Israeli forces have so far, on Monday, kidnapped at least eight Palestinians from towns and cities across the West Bank, while summoned others and raided homes of families. Israeli authorities also continue to detain Palestinian eighth grader, Malak al-Khatib, age 14, for the 19th consecutive day in Hasharon prison.Soldiers carried out a predawn arrest campaign, upon which they detained two brothers from the town of al-Khader, south of Bethlehem, according to WAFA correspondence.
Security sources reported that the two brothers were identified as Walid, age 27, and Wael Salah, 24.
Israeli forces raided their home and inspected its content prior to the arrest.
Meanwhile, just north of Hebron, Israeli forces abducted a student from the town of Surif.
Local sources identified the student as 23-year-old Abed Arraouf Ghnimat. He was detained following a raid which targeted the family home.
Israeli troops also raided the town of Ithna, west of Hebron, setting a number of flying checkpoints at entrances to the town.
The heavy presence of the army caused unrest as soldiers fired smoke canisters, causing many peaceful residents and commuters to suffocate.
In another incident, Israeli forces chased after one youth from the city of Hebron, identified as Muhammad Kafrawi, age 21, who was admitted to a hospital to receive immediate care, following the incident.
Meanwhile, another unknown youngster was summoned to Israeli intelligence for interrogation.
In Jerusalem, Israeli police detained, late Sunday and early Monday,at least three youngsters at from Sourbaher, southeast of the old occupied city. They were all led to an interrogation center.
WAFA reported witnesses accounts that the youth were identified as Mohammad and Ahmad Amira and Abdullah Abu Kaf.
Several other abdcutions were also reported, however, specific details are unknown at the time of this report.
Furthermore, according to the Palestinian Prisoner’s Society (PPS), Israeli forces arrested an instructor at An-Najah National University, Walid Abu Zeina, who was detained while present at his residence in Nablus.
The arrest campaign also targeted a journalist in Ramallah who works as an editor for the online news website “Huna al-Quds”.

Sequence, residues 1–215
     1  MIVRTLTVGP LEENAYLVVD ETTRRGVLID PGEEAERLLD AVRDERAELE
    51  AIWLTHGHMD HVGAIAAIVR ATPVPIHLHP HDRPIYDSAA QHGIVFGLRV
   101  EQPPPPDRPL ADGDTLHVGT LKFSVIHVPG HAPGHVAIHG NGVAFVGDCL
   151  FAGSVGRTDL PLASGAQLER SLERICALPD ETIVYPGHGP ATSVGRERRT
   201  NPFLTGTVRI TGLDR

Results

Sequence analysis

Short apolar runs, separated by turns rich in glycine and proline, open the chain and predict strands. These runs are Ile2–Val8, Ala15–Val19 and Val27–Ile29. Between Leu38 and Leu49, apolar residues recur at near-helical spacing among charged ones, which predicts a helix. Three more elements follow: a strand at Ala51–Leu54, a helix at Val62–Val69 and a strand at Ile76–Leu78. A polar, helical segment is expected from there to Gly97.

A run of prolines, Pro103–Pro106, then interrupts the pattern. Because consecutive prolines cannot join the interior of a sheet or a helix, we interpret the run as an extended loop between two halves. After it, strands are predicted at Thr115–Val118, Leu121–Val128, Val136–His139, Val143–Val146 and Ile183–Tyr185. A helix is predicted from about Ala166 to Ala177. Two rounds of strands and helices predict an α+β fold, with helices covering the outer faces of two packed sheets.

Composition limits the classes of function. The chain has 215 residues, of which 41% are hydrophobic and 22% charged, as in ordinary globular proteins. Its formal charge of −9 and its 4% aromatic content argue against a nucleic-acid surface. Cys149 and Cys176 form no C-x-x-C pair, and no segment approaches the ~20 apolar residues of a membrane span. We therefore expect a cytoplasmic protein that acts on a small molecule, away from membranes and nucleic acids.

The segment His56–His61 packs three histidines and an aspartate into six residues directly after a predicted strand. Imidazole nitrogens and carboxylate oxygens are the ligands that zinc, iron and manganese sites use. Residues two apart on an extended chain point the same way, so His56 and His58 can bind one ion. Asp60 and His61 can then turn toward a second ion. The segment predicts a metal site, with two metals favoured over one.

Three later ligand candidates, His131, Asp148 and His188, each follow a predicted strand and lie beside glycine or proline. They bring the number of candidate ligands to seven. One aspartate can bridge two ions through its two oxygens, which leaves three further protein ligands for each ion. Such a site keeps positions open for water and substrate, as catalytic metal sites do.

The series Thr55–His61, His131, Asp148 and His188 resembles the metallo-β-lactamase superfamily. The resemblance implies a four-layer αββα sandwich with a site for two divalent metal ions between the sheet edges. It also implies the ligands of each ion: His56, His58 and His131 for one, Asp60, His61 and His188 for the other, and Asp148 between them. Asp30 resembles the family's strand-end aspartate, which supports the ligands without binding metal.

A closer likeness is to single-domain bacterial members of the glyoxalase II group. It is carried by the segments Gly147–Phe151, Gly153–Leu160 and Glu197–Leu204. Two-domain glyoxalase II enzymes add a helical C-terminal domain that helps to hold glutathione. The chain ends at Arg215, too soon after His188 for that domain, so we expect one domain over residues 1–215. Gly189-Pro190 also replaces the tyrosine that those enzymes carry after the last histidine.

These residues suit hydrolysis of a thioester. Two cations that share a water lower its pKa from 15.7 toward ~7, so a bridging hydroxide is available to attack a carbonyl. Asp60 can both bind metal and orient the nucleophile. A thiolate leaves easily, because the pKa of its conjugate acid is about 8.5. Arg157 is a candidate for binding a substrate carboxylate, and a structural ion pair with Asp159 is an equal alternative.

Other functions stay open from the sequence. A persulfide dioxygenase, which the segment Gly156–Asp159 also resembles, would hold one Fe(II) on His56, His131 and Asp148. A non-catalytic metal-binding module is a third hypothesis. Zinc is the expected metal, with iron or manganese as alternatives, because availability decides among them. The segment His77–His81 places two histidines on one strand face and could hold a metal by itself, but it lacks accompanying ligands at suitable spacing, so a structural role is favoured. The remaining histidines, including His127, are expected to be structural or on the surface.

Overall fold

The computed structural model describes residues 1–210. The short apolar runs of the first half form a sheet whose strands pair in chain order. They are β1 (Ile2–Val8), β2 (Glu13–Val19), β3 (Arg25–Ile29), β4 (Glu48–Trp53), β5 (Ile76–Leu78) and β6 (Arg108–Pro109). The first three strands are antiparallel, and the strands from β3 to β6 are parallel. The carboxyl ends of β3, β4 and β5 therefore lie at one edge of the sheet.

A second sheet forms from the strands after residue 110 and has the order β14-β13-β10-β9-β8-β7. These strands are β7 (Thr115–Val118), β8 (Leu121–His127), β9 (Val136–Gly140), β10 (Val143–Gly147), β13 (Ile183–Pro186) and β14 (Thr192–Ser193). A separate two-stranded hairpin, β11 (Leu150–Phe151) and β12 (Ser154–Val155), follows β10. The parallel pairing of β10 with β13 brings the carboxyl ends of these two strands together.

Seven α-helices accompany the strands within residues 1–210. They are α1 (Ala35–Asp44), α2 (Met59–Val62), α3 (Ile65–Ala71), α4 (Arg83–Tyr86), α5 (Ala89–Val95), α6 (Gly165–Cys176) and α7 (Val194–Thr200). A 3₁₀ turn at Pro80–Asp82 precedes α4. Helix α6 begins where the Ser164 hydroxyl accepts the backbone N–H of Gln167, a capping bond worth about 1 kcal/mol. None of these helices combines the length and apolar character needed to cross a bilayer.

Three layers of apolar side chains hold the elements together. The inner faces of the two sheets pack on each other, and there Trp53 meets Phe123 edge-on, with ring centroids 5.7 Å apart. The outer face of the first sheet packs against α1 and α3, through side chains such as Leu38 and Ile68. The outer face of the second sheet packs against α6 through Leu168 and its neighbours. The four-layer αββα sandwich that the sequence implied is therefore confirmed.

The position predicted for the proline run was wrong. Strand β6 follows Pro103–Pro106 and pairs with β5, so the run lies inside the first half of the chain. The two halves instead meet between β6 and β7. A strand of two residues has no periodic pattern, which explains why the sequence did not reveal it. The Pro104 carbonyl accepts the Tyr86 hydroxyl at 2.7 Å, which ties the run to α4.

The Palestinian Journalists’ Syndicate denounced the arrest of journalist Mujahed Bani Falah, following the raid on his house in the town of Betunya, west of Ramallah.
The Syndicate has called on all legal institutions, locally and internationally, to expose the Israeli policies and measures against Palestinian journalists.
It also called for pressure to release all journalists which Israel still holds in its prisons.
In related news, WAFA further reports that Israeli authorities continue to detain Palestinian eighth grader, Malak al-Khatib, 14, for the 19th consecutive day in the Israeli prison ‘Hasharon’, according to PPS.
Al-Khatib was taken by Israeli forces near her school in the Ramallah village of Beitin, on December 31, 2014, for allegedly throwing rocks at them.
A military decision was supposed to be made on January 4th, however, the Ofer military court postponed her hearing to January 11, and no decision has been reached so far.
Malak’s family wasn’t able to visit her at the detention center, but only saw her at the court on Sunday January 4th, during a court hearing. Her father said that she looked distressed and scared. “After all she is only 14,” he explained.
According to UNICEF, “All children prosecuted for offences they allegedly committed should be treated in accordance with international juvenile justice standards, which provide them with special protection. Most of these protections are enshrined in the Convention on the Rights of the Child.”
It should be noted that, “Israeli military law technically applies to all those present in the West Bank, including Israeli settler children, however the latter are invariably processed under Israel’s civilian legal system, which contains far greater safeguards and protections,” according to Defense for Children International.
On September 29, 2009, a military juvenile court was established, following mounting criticism that the Israeli military had been prosecuting children as young as 12 years in adult military courts for over four decades.
However: “The new order makes no change to the time period during which a child can be denied access to a lawyer, which remains at 90 days for both adults and children.”
On August 1, 2012, military order 1685 came into effect. The new order reduces the time within which children detained by the Israeli military must be brought before a military court judge for the first time.
The organizations stated that “The critical period for Palestinian children detained by the Israeli military is the first 48 hours after arrest. It is during this period that most cases of physical and psychological abuse occur and the child is interrogated without the benefit of legal advice or the presence of a parent. The amendment which now requires children be brought before a military court judge within 96 hours of arrest adds no additional protection.”
B’Tselem, the Israeli Information Center for Human Rights in the Occupied Territories, said that, “From the beginning of 2005 to the end of 2010, at least 835 Palestinian minors were arrested and tried in military courts in the West Bank on charges of stone throwing. Thirty-four of them were aged 12 – 13, 255 were 14 – 15, 546 were between the ages of 16 – 17. Only one of the 835 was acquitted; all the rest were found guilty.”
The center said in a report titled, ‘No Minor Matter’ that “The rights of Palestinian minors are flagrantly violated at every stage of the proceedings conducted against them, from the initial arrest and removal from their homes, through interrogation and trial, to serving the prison sentence, and then release […]. The amendments to the military legislation are marginal and have failed to bring about meaningful change in the military system’s treatment of minors.”